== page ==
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2012 | Book

Environmental Protection Strategies for Sustainable Development

Editors: Abdul Malik, Elisabeth Grohmann

Publisher: Springer Netherlands

Book Series : Strategies for Sustainability


About this book

The environment of our planet is degrading at an alarming rate because of non-sustainable urbanization, industrialization and agriculture. Unsustainable trends in relation to climate change and energy use, threats to public health, poverty and social exclusion, demographic pressure and ageing, management of natural resources, biodiversity loss, land use and transport still persist and new challenges are arising. Since these negative trends bring about a sense of urgency, short term action is required, whilst maintaining a longer term perspective. The main challenge is to gradually change our current unsustainable consumption and production patterns and the nonintegrated approach to policy-making.

This book covers the broad area including potential of rhizospheric microorganisms in the sustainable plant development in anthropogenic polluted soils, bioremediation of pesticides from soil and waste water, toxic metals from soil, biological treatment of pulp and paper industry wastewater, sustainable solutions for agro processing waste management, solid waste management on climate change and human health, environmental impact of dyes and its remediation. Various methods for genotoxicity testing of environmental pollutants are also discussed and chapters on molecular detection of resistance and transfer genes in the environmental samples, biofilm formation by the environmental bacteria, biochemical attributes to assess soil ecosystem sustainability, application of rhizobacteria in biotechnology, role of peroxidases as a tool for the decolorization and removal of dyes and potential of biopesticides in sustainable agriculture.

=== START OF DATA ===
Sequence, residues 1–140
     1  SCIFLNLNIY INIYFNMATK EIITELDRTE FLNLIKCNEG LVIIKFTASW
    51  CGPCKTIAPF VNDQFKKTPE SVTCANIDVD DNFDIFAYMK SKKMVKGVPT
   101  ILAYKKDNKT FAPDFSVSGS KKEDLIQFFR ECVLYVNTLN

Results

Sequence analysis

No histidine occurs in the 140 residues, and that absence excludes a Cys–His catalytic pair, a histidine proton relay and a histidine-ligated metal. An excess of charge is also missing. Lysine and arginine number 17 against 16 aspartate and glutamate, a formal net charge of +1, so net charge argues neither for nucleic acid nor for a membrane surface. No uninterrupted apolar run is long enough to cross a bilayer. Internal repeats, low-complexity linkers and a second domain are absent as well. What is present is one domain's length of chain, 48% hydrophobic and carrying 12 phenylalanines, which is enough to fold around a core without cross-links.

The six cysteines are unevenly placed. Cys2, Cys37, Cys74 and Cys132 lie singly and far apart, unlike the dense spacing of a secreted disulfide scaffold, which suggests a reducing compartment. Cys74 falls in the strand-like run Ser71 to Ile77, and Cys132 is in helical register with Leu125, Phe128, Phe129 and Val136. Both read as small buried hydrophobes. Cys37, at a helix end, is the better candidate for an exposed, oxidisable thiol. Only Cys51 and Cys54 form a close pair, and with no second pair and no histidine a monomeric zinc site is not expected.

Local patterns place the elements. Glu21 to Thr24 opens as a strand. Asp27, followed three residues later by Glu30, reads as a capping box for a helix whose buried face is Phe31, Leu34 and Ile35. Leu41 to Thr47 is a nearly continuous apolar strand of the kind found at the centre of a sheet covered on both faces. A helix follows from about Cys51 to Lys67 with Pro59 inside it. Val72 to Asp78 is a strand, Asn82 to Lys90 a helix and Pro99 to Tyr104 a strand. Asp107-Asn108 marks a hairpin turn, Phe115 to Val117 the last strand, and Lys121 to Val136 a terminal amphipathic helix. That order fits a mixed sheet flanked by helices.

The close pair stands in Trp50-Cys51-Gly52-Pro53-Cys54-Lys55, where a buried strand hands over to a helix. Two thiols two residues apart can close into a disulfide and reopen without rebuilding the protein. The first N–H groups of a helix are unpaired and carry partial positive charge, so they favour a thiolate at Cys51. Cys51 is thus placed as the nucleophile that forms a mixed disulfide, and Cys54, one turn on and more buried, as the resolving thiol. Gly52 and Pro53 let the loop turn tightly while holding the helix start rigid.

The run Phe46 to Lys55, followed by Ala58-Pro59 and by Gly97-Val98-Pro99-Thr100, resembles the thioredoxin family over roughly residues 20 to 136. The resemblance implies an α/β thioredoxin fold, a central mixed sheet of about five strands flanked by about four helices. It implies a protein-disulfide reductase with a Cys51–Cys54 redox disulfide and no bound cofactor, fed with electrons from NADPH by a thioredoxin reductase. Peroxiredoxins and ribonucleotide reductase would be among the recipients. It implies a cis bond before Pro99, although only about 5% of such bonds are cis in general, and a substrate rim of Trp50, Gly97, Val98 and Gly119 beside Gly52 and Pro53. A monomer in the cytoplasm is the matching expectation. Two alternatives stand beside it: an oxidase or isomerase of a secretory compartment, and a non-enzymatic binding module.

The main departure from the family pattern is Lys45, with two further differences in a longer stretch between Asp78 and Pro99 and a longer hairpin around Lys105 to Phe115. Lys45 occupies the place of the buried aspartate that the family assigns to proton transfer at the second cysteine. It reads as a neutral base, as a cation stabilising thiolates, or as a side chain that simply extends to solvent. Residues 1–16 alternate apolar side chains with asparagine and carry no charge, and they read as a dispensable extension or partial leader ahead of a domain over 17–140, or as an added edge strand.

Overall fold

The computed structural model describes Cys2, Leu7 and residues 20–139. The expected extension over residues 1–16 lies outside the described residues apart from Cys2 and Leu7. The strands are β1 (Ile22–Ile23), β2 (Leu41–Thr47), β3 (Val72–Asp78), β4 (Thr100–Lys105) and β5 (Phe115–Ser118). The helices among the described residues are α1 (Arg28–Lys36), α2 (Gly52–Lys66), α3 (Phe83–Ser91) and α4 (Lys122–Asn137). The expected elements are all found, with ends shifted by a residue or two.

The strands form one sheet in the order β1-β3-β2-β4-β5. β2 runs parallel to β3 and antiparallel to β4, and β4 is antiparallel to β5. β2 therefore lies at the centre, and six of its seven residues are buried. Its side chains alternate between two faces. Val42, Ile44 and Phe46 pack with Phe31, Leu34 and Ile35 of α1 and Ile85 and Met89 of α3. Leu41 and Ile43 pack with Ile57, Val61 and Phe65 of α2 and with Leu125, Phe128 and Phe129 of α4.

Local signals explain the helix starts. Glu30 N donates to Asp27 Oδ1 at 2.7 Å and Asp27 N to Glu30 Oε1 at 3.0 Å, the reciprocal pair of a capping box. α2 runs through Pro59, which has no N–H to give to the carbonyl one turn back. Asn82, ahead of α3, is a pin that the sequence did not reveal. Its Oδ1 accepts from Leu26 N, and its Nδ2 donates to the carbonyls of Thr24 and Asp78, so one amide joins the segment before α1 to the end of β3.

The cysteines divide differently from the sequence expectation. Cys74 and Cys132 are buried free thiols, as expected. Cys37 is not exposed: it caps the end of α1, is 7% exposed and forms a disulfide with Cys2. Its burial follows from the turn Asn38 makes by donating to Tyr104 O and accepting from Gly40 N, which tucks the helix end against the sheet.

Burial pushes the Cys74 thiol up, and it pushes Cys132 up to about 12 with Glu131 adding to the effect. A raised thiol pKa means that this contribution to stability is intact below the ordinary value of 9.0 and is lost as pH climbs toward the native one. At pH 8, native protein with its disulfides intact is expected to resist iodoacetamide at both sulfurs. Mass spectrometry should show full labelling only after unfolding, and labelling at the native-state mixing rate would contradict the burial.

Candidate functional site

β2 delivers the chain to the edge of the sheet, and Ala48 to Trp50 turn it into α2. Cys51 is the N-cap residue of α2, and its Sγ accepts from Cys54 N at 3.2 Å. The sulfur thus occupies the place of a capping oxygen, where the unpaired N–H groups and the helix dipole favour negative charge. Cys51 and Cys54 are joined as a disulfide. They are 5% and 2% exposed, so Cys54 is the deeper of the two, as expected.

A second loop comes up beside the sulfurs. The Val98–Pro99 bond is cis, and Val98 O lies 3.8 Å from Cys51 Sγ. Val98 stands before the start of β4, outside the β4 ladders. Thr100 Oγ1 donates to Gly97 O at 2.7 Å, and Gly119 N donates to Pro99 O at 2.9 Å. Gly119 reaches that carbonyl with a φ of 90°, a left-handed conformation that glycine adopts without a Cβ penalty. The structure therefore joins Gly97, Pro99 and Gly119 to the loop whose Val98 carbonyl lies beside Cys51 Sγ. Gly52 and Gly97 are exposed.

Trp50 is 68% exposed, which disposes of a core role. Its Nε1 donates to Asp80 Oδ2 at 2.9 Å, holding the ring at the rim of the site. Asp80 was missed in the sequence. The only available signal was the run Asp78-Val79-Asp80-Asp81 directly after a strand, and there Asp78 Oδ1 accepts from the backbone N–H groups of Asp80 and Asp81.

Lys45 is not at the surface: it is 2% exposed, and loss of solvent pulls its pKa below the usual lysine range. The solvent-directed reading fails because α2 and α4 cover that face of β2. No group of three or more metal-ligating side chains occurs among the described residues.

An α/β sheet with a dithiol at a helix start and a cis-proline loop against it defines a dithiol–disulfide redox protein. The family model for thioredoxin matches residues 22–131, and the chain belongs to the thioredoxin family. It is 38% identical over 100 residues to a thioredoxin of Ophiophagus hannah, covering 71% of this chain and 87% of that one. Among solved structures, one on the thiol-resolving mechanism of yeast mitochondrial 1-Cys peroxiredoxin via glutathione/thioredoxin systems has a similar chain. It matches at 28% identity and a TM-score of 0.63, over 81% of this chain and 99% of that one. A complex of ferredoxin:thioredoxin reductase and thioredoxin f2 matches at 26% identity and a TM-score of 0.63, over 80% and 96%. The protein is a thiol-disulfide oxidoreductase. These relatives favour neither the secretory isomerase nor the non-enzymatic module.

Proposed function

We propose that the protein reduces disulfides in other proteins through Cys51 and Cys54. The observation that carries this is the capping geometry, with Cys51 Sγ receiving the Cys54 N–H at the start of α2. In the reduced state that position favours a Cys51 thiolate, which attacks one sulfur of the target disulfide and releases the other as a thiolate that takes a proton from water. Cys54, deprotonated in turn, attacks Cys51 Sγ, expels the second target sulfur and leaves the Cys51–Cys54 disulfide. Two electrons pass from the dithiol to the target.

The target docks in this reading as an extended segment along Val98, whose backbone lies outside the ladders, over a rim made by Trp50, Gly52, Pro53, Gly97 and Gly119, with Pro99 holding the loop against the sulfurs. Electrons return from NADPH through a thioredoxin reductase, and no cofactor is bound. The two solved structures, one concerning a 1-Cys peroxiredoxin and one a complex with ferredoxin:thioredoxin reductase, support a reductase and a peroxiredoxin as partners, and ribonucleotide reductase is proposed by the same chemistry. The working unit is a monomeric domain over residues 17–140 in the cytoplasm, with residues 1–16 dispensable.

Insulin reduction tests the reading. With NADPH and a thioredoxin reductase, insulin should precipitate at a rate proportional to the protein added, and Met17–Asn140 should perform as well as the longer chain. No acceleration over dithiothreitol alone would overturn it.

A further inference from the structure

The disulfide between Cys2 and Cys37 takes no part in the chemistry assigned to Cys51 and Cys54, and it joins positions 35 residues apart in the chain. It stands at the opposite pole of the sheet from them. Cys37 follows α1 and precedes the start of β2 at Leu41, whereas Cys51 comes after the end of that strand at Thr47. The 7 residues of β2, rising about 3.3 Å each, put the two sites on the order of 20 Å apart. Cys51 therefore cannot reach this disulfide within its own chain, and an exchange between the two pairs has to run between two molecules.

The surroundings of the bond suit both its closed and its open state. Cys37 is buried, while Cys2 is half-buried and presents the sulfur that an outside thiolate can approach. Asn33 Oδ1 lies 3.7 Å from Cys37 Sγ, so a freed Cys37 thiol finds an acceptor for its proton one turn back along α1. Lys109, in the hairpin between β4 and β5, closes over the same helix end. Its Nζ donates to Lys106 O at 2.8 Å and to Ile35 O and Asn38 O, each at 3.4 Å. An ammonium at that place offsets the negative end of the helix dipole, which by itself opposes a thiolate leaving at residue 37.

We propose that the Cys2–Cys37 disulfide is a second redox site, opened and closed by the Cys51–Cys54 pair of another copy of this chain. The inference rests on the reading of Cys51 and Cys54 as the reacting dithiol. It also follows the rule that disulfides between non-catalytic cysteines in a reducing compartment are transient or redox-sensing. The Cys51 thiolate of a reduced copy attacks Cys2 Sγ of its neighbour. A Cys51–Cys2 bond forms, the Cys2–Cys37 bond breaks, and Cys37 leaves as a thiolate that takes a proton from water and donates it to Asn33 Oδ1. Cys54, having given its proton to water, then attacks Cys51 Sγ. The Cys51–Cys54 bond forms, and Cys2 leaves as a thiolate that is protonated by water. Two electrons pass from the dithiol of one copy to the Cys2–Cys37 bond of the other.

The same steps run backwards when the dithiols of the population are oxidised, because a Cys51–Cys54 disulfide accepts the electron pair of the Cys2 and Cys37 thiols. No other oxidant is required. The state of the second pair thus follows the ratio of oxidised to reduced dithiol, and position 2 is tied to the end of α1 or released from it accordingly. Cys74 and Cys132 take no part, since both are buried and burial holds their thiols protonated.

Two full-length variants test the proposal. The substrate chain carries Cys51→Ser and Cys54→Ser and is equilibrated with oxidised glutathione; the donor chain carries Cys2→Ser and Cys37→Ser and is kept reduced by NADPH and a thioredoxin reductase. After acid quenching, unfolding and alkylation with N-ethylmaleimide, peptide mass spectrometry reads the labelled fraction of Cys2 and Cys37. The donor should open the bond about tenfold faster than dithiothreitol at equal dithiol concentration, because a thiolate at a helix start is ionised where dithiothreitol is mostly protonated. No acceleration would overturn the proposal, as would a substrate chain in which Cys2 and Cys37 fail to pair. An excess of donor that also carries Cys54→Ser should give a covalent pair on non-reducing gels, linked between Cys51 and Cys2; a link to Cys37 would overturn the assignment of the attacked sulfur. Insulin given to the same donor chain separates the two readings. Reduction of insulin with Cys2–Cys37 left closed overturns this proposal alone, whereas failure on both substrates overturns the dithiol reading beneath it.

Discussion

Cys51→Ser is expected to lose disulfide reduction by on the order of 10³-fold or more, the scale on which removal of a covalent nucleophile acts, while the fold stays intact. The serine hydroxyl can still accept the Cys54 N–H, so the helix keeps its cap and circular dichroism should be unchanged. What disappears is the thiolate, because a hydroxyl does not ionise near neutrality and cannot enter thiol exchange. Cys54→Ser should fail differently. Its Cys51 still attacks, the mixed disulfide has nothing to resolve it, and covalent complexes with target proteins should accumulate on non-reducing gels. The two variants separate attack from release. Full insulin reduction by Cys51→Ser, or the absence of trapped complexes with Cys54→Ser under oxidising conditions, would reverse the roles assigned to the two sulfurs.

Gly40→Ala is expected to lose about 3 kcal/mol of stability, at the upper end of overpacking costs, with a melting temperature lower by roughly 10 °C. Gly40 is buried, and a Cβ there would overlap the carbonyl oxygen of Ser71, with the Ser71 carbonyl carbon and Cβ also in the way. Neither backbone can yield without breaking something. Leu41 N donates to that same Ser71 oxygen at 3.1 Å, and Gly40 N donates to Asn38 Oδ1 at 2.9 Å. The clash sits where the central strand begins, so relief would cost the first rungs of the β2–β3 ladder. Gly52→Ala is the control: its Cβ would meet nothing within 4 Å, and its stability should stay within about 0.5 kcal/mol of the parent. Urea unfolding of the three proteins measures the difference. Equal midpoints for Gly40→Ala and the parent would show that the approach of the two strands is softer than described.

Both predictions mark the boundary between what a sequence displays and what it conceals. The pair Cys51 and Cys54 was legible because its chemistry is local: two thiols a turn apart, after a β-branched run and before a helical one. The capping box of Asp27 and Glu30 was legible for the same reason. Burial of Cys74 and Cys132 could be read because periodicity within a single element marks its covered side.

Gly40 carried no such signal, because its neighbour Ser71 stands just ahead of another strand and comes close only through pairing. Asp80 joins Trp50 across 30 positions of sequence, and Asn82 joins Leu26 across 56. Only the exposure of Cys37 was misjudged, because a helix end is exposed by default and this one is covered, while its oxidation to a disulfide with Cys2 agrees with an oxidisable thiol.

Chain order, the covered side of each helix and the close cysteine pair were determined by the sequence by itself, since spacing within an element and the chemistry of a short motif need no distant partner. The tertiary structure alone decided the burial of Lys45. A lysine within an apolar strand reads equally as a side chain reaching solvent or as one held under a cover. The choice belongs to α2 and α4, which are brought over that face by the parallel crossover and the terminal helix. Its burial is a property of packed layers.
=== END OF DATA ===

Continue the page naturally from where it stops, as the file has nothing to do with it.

It offers a unique treatment of the subject, linking various protection strategies for sustainable development, describing the inter-relationships between the laboratory and field eco-toxicologist, the biotechnology consultant, environmental engineers and different international environmental regulatory and protection agencies.

Table of Contents

Chapter 1. Environmental Protection Strategies: An Overview